Which existing players do you expect to kick-on from last season and shine in 2021?

“I think the front row of Tom Osborne, Declan Moore and Charlie Hancock. Declan’s experience at the Melbourne Rebels has been really healthy for him, and props Tom and Charlie are the next off the production line of Uni front rowers that Joe has overseen. So they’d be players that I think all Super Rugby teams should keep an eye on.”

Declan Moore

Coach Taylor expects Declan Moore’s time at the Rebels to take his game to the next level – Photo: AJF Photography

Any new players coming up from colts or lower grade to get excited about?

“Maybe Luke Ratcliff as I’ve mentioned. He can play lock or six and came through colts up into third grade last year, and he’s just a good, hard, honest rugby player.

Who do you have your eyes on as your biggest challengers in 2021?

“It’s going to be two halves of the competition – pre-Super and post-Super – and it’s going to be fascinating. Easts have significant Super Rugby players and their ultimate team is pretty stacked, and you can’t write off Gordon too, they’re a Premiership-winning team. They must have a good program, and apart from Darren Coleman leaving every other coach is still there from last season, so it’s not like they’re rewriting a game book. They’ve lost a few players but they’ve still recruited, so I expect them to be up there in the first half of the season alongside maybe Souths. It always takes every coach a while to put in what you want, so watch out for Todd Louden in his second year down there. They’ve got Easts in round one, so it’s going to be a really good barometer for both teams.

“Randwick are a highly talented club who seem to have a lot of representative players being pumped through the program. Their colts were highly successful recently so they’ve got to be producing something soon, and they’ve got the same coaching group so they have consistency as well. The first half of the season in particular is going to be quite an arm wrestle and teams will find out a lot about each other, and it’ll take until round twelve before we’re able to work out who the genuine contenders are. There’s maybe a bit of a gap between that top eight and the rest but it’s certainly an open comp, and I wouldn’t be putting money on exactly who’s going to be in the top five after the first six rounds, that’s for sure.”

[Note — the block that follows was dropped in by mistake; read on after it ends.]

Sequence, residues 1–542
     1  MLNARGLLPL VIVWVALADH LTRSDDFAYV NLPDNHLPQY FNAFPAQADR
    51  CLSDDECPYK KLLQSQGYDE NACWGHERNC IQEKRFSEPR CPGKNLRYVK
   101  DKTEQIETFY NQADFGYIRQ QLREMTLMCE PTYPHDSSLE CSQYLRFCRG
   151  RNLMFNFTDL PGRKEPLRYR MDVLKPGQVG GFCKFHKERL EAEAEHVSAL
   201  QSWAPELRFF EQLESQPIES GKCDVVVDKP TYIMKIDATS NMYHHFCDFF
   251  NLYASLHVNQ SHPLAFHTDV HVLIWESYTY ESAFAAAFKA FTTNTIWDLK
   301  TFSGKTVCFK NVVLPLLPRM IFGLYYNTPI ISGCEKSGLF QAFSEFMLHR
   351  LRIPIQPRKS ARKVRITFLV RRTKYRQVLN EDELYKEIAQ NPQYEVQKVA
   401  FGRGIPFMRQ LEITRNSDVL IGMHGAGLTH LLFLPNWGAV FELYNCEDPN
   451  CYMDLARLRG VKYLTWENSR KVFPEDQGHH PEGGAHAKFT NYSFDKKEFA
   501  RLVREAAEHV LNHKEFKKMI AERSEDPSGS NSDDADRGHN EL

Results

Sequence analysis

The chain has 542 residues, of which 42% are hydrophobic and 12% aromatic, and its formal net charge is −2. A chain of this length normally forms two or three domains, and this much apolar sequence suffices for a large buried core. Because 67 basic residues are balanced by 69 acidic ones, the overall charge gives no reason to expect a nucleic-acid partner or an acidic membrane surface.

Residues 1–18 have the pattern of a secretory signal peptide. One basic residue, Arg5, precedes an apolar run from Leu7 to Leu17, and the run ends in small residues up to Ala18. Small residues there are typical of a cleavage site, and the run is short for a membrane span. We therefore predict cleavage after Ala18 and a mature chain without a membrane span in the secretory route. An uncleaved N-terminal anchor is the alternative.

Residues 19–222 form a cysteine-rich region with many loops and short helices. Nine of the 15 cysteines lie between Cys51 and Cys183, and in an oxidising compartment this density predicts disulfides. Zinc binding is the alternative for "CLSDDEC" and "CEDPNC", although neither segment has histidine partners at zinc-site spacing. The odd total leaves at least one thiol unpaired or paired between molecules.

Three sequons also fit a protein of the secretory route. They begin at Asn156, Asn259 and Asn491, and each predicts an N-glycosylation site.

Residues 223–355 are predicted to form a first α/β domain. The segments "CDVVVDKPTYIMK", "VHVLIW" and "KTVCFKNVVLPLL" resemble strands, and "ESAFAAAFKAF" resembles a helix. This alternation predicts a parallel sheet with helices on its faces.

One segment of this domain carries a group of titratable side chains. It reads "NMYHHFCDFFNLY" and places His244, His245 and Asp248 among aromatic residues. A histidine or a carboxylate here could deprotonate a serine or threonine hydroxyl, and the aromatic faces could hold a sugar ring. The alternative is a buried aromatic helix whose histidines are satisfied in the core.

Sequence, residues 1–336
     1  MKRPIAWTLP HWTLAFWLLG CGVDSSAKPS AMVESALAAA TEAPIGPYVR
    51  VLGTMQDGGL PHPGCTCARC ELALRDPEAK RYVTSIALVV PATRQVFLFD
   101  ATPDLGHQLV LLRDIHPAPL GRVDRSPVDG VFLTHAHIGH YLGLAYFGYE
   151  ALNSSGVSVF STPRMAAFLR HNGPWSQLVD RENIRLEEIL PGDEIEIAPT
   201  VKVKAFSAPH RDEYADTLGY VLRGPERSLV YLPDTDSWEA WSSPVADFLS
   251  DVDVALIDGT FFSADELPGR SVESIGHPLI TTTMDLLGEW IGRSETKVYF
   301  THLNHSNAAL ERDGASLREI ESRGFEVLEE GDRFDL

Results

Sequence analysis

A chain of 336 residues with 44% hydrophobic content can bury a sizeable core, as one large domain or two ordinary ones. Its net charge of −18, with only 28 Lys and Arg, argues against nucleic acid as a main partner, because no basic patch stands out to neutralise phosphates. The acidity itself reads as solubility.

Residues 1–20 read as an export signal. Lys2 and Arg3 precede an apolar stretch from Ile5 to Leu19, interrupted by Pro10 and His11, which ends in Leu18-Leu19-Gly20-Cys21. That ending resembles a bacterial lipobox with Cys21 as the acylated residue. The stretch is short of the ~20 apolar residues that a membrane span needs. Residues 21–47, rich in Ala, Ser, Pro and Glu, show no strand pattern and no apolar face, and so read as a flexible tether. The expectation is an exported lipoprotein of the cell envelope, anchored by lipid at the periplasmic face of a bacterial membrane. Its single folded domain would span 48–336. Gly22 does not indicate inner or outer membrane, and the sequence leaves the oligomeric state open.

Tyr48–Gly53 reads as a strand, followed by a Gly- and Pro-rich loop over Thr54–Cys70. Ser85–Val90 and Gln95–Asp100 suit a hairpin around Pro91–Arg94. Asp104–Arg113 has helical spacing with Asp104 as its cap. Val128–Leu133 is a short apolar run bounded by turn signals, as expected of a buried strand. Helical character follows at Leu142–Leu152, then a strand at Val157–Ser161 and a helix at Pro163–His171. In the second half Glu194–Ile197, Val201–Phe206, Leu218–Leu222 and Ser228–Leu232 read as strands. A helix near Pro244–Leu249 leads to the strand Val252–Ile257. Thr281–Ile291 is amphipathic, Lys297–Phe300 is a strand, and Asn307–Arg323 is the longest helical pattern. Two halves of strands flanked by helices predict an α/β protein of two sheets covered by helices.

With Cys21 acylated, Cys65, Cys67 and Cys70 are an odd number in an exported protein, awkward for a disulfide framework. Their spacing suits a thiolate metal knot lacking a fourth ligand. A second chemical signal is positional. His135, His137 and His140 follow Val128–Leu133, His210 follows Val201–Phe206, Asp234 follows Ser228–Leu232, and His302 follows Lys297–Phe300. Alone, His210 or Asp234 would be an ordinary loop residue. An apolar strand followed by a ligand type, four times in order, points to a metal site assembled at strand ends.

What is the target for Sydney Uni in 2021 – a Premiership and nothing else?

“To win the Club Championship. That’s always been the goal every year, whether we hold it or – as is the case this year – we don’t. For every club it’s important that you have a strong club, and that’ll be our primary focus. From a Shute Shield perspective, being number one is the first thing you write up on the board, but you’ve got to win a Club Championship anyway. Again, to win a Shute Shield you’ve got to use at least forty players, so if you’ve got good teams across your club that’s going to help you. If you’re going to try and win a Shute Shield based off ‘we’re getting five guys back from Super Rugby so we’ll be sweet and forget everyone else’, you’re delusional. It’s Club Championship first, hopefully a Minor Premiership, and then let’s win grand finals.”

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Sydney Uni Draw